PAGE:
The best destinations for newbie backpackers
hen you get itchy feet, the lame state of your bank account shouldn’t hold you back. Sure, you’ll have to adapt, but you’ll definitely get to travel. First and foremost, leave your prejudice and your fussiness at home. Aside from swinging your baggage over your shoulder instead of wheeling a suitcase, “backpacking” is also about sharing rooms with loads of people, with spicy smells and international snoring as the soundtrack… Not to mention the toilets. You shouldn’t leave home without earplugs and eyes masks if you plan on getting a good night’s sleep. Remember to pack your flip flops to save you from the icky-ness of nasty toilets. A good travel guide, comfy sneakers and mosquito repellent are other must-haves. A working knowledge of English, a fanny pack and a tattoo are optional… but your passport is essential. Also, learn to haggle, remember to ask about everything, and travel with caution. Once you’ve assimilated all that, you’re good to go. You’re going to meet travellers from all over the world. And these are best destinations to get started.
Bangkok’s Khao San Road has turned into a backpacker ghetto, and it’s the most famous street in the Thai capital. Back in the day, the neighbourhood traded rice… until the first cheap hostel opened in 1982. Enter the first backpackers, and boom goes the business. Nowadays, it’s one of the largest hotspots in the world for this type of budget traveller.
Africa: unfinished business
Africa shows promise as a backpack destination: warm climate, gorgeous locations... However, the scarce amount of cheap accommodation and the lack of safety make it difficult to get around. For the minute, Zambia is a good option where you can visit some 20 national parks.
Like Bangkok, Paharganj is another great destination for backpackers, located near the train station in New Delhi. Chaos is also a trademark here: shops selling colourful clothes and accessories, cheap prices, carriers, open doors and, above all, people, loads of people. Cambodia, Laos, Malaysia –the absolute winner when it comes to combining dreamlike beaches with multiculturalism and gastronomic delicacies– and Vietnam are other South East Asian destinations that are great for backpackers. The Asian continent is ideal for two reasons: first, it’s exotic. Second, it’s super cheap, particularly when compared to European destinations or to New Zealand and Australia. The latter two have a backpacking soul, but prices are more akin to hotel suites than youth hostels.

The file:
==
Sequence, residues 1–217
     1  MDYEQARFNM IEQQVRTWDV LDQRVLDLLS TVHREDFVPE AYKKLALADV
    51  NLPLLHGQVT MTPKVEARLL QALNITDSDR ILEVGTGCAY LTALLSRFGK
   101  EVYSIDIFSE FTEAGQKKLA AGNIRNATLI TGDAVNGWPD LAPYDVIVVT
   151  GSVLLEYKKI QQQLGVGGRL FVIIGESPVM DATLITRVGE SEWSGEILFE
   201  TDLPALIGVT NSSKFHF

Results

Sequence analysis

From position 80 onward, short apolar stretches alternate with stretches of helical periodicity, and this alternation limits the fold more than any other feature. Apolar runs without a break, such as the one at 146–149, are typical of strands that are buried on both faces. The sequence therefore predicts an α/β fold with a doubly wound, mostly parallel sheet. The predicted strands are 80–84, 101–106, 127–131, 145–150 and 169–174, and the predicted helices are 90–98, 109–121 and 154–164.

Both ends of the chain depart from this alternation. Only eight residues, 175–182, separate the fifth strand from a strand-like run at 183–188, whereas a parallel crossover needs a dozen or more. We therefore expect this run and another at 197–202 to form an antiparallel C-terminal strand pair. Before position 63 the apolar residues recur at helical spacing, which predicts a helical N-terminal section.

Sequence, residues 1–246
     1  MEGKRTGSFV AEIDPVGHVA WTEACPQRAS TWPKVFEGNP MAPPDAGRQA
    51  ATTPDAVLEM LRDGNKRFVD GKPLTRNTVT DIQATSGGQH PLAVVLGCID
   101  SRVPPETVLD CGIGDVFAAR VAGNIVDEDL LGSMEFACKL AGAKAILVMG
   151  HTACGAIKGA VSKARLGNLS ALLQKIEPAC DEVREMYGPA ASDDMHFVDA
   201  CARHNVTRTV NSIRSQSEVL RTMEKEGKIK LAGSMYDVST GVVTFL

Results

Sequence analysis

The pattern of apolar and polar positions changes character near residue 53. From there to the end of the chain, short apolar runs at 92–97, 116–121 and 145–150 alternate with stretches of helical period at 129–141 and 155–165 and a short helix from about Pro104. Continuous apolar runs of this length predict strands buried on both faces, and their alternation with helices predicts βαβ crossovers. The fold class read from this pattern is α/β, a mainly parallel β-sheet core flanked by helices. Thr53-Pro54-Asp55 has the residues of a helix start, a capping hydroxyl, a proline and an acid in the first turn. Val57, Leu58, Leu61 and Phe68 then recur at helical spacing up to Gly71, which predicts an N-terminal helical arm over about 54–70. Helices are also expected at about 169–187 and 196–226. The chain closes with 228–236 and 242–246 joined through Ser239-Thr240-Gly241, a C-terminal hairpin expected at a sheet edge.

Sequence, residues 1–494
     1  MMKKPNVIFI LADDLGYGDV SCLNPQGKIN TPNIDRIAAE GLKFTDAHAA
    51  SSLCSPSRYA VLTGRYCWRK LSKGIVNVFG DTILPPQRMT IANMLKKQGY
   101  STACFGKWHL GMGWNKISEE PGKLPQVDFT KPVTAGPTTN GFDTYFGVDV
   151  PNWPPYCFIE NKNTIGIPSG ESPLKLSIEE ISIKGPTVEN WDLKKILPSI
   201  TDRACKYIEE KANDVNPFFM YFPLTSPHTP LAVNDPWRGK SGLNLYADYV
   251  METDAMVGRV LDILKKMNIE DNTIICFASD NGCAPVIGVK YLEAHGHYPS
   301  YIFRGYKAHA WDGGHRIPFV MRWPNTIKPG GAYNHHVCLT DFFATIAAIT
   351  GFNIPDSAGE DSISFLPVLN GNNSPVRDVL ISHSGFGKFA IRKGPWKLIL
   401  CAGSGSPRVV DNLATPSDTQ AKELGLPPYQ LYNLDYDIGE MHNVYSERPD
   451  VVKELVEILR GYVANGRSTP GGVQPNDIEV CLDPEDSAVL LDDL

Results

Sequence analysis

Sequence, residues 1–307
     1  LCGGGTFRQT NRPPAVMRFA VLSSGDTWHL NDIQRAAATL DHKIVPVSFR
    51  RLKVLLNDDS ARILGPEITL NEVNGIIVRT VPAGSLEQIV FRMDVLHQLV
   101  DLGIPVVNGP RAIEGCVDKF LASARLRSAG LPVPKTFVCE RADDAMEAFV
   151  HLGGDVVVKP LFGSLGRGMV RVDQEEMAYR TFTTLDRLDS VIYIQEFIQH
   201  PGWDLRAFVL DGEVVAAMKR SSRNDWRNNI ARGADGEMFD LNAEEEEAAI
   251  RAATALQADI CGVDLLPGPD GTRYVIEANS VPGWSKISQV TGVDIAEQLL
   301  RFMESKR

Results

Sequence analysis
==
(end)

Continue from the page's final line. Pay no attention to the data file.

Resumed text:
Canada is another great option (you can volunteer at a lot of hostels in exchange for accommodation) and the nation is celebrating its 150th anniversary in 2017, so there are loads of festivals, particularly in Montreal. The same goes for Europe. It’s pricey, but packed with mountain destinations that welcome rucksack-bearing trekkers. From the Picos de Europa (Asturias), home to a Biosphere Reserve with more than 60 protected spaces, to the peaks of the Austrian Alps. If trekking is your thing, don’t forget to pack a good pair of mountain boots and a warm jacket. Mount Olympus, in Greece, is spectacular if you can brave the 3,000 metre climb. Zeus and the gods will surely lend a hand.
Going back to the guerrilla economy, a host of Latin American countries have become top notch destinations for backpackers, most lured by the low prices and friendly locals. Hostal Prisamata, in Salta, in the north of Argentina, has the perfect slogan for a backpacker. Chill and going with the flow are the two key elements. Nicaragua also ticks all the boxes as the perfect backpacking destination. It’s easy to wander the streets with a backpack, the locals are very friendly and it’s home to cities like Granada, with houses and colonial churches that are reminiscent of ancient times. If you like walking on the wild side, you’ll love sliding down volcanoes – it’s all the rage!
Che Lagarto hostel chain is also big on the Latin American ‘backpacking’ map. They offer affordable accommodation in Brazil, Argentina, Uruguay, Chile and Peru. Besides, if you run out of money half way through the trip, you can always do some seasonal work before you hit the road again. Their slogan ‘Life Is Now’ sums up the principles of the backpacker life.